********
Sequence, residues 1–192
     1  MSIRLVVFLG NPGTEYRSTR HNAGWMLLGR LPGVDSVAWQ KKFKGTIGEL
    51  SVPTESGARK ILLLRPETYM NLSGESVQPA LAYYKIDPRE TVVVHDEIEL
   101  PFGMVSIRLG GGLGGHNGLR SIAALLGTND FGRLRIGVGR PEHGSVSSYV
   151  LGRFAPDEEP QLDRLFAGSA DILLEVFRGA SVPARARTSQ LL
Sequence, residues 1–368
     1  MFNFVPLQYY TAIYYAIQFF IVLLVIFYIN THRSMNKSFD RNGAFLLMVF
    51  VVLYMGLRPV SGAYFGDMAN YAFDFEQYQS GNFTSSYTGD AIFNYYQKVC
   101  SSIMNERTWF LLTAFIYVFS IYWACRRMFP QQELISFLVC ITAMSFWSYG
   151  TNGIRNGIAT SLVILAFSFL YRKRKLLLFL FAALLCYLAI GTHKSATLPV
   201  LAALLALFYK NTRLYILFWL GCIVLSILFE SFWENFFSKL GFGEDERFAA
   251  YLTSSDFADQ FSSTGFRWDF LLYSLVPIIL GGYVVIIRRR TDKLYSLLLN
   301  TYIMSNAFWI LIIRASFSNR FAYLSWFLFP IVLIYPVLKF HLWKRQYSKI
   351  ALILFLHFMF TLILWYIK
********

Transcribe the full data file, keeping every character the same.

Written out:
Sequence, residues 1–192
     1  MSIRLVVFLG NPGTEYRSTR HNAGWMLLGR LPGVDSVAWQ KKFKGTIGEL
    51  SVPTESGARK ILLLRPETYM NLSGESVQPA LAYYKIDPRE TVVVHDEIEL
   101  PFGMVSIRLG GGLGGHNGLR SIAALLGTND FGRLRIGVGR PEHGSVSSYV
   151  LGRFAPDEEP QLDRLFAGSA DILLEVFRGA SVPARARTSQ LL
Sequence, residues 1–368
     1  MFNFVPLQYY TAIYYAIQFF IVLLVIFYIN THRSMNKSFD RNGAFLLMVF
    51  VVLYMGLRPV SGAYFGDMAN YAFDFEQYQS GNFTSSYTGD AIFNYYQKVC
   101  SSIMNERTWF LLTAFIYVFS IYWACRRMFP QQELISFLVC ITAMSFWSYG
   151  TNGIRNGIAT SLVILAFSFL YRKRKLLLFL FAALLCYLAI GTHKSATLPV
   201  LAALLALFYK NTRLYILFWL GCIVLSILFE SFWENFFSKL GFGEDERFAA
   251  YLTSSDFADQ FSSTGFRWDF LLYSLVPIIL GGYVVIIRRR TDKLYSLLLN
   301  TYIMSNAFWI LIIRASFSNR FAYLSWFLFP IVLIYPVLKF HLWKRQYSKI
   351  ALILFLHFMF TLILWYIK